Heartbreaking: a massive fire has just destroyed Brazil’s oldest natural history museum

A massive, devastating fire has largely destroyed the 200-year-old National Museum of Brazil (Museu Nacional) in Rio De Janeiro, according to reports from local and international media.

The fire started on Sunday night local time after the museum was closed, and so far there are no reports of injuries or deaths – but things are looking grave for the irreplaceable scientific collection the museum housed.

Museu Nacional was established in 1818, and is not only the oldest scientific institution in Brazil, but also one of the largest natural history museums across both American continents.

“Two hundred years of work, research and knowledge were lost,” Michel Temer, the President of Brazil, said in a media statement, calling it an “incalculable loss” for the country.

The museum’s collection contains more than 20 million items, and so far initial reports don’t indicate how much of this precious material could be forever lost to science, and to the collective history of humanity.

Amongst Museu Nacional’s treasures is a huge collection of Ancient Egyptian artefacts that started way back in the 19th century, and includes the exquisitely detailed sarcophagus of Sha-Amun-em-su, a singer whose coffin has never been opened, still preserving the mummy inside.

Egito Antigo museu nacional website(Museu Nacional)

The museum was also home to one of the largest collections of artefacts produced by various indigenous peoples of the Americas, dating back to long before any Europeans set foot on the South American continent.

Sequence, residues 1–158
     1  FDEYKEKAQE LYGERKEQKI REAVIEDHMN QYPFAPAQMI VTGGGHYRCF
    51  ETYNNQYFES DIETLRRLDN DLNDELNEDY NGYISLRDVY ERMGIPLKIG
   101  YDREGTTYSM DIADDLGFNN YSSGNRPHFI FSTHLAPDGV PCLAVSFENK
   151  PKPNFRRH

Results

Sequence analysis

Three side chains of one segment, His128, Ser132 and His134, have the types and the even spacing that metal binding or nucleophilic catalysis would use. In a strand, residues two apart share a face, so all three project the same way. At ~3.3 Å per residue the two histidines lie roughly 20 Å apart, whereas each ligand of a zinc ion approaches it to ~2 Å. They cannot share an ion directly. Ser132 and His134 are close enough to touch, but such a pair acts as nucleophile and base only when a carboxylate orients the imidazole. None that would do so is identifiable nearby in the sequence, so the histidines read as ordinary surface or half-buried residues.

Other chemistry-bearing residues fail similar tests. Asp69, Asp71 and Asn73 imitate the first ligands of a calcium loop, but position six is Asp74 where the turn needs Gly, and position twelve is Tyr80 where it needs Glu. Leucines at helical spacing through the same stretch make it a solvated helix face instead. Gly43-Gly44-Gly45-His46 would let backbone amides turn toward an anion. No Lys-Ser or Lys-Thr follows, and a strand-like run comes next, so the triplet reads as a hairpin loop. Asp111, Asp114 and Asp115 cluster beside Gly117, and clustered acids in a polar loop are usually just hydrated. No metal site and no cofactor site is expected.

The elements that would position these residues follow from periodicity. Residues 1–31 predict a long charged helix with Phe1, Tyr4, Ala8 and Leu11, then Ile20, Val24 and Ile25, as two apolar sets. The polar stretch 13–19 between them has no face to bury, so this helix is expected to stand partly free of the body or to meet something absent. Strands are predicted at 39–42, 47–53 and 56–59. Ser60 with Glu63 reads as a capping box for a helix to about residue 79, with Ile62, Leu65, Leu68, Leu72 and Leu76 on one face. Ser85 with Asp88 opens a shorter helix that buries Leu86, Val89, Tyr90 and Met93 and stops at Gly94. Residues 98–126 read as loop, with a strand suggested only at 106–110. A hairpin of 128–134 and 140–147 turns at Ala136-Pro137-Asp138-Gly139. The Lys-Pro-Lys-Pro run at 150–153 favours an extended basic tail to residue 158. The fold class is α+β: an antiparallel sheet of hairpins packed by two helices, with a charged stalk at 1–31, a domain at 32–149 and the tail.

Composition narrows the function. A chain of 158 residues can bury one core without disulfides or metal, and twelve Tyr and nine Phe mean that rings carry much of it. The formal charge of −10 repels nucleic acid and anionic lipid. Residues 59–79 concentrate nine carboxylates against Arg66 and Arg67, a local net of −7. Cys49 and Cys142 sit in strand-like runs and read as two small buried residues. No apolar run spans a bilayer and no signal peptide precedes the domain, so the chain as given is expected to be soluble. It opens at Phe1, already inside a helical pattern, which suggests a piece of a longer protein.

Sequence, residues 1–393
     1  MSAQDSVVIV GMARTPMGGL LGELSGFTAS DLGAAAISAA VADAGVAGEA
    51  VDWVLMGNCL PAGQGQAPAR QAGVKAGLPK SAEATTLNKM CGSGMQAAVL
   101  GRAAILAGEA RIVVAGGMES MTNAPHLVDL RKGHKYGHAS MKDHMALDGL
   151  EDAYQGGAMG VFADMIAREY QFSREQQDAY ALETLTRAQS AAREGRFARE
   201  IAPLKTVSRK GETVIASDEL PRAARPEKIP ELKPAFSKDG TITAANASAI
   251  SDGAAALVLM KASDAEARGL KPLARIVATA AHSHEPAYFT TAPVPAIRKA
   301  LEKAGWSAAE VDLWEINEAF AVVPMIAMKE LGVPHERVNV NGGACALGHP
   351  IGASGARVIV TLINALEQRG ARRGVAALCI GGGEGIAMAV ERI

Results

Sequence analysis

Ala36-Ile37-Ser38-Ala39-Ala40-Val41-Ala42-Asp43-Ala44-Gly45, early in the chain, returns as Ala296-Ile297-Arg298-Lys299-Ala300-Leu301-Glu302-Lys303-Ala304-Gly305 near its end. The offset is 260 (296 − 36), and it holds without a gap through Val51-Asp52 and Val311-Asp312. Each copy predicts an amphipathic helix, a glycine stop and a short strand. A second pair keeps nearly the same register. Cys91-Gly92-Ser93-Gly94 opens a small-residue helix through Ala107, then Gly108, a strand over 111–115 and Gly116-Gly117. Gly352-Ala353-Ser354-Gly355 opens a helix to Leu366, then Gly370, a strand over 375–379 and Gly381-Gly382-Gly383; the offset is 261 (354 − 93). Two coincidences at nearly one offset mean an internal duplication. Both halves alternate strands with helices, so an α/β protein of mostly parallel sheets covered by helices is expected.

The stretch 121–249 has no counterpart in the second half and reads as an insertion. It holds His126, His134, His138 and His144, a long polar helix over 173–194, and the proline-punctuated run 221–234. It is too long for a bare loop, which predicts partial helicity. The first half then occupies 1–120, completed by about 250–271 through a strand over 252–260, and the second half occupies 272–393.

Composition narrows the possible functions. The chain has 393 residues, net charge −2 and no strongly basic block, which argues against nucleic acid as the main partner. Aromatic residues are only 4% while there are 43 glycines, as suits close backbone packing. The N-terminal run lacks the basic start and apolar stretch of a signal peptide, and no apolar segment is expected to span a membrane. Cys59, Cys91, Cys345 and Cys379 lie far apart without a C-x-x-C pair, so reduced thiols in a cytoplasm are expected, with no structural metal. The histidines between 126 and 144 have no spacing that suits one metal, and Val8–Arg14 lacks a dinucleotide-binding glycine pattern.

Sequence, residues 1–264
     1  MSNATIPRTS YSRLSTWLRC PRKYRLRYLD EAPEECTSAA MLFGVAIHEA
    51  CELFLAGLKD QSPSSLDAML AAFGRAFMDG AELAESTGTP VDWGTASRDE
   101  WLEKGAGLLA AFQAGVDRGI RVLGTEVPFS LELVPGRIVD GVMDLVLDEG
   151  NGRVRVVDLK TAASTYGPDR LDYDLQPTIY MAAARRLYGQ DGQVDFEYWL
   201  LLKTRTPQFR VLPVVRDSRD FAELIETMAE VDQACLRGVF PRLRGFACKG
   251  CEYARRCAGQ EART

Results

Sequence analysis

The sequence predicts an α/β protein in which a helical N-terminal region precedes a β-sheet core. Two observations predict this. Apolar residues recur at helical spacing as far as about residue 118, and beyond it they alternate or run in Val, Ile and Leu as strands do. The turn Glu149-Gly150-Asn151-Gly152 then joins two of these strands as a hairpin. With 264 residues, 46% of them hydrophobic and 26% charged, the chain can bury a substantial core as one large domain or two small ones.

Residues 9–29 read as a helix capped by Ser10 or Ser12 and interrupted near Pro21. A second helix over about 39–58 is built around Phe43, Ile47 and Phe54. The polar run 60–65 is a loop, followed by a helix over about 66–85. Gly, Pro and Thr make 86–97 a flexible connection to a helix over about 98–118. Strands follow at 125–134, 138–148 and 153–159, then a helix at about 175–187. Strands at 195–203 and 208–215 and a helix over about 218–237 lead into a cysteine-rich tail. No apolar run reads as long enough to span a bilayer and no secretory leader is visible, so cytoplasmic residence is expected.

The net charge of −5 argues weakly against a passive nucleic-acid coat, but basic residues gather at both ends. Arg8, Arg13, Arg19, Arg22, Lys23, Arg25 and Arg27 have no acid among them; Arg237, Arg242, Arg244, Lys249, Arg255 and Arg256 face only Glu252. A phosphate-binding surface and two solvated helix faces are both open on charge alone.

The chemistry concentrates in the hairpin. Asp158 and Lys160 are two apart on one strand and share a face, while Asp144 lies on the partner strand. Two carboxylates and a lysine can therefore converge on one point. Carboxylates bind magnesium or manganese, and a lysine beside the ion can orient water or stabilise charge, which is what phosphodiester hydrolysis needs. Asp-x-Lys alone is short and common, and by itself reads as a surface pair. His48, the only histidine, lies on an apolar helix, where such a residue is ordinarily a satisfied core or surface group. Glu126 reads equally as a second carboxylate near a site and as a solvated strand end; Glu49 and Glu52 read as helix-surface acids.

These objects include priceless samples of pottery, textile fragments, tools and more from such Andean cultures as the Inca civilisation, Chancay culture and Nazca culture, to name just a few.

The museum also boasts a rich collection of classical antiquity, including a set of unique frescos and a number of everyday Ancient Roman objects salvaged from the ruins of Pompeii.

The museum, which is part of the Federal University of Rio de Janeiro, is also home to one of the largest scientific libraries of Brazil, containing nearly half a million volumes, including 2,400 rare works.

Burnt pages from documents housed in the museum have been found littering nearby neighbourhoods, according to a report on Brazil’s TV network Globo website.

Apart from anthropological treasures, the museum also housed a rich medley of plant and animal life in its zoology section, and its palaeontology collection includes the oldest human fossil found in the country.

The now-destroyed building housing the museum was the beautiful Saint Christopher’s Palace, once home to the Brazilian Imperial Family.

According to Reuters, the museum had been financially neglected by the federal government and was due to overhaul its fire safety systems thanks to a private bank loan.

RioNationalMuseumFire2(Halley Pacheco de Oliveira/Wikipedia/CC BY SA 3.0)

Museums are an invaluable part of scientific life, and their collections are often so rich that only a small selection can ever be shown to the public at any one time; hence curators and researchers are forever discovering precious new items (and even new species) in the vast repositories of museum drawers, cabinets, and storage rooms.

We can hardly express how heartbreaking it is to see two centuries of scientific inquiry go up in flames so easily. One can only hope that at least some of the museum’s treasures come out of this devastation unscathed.

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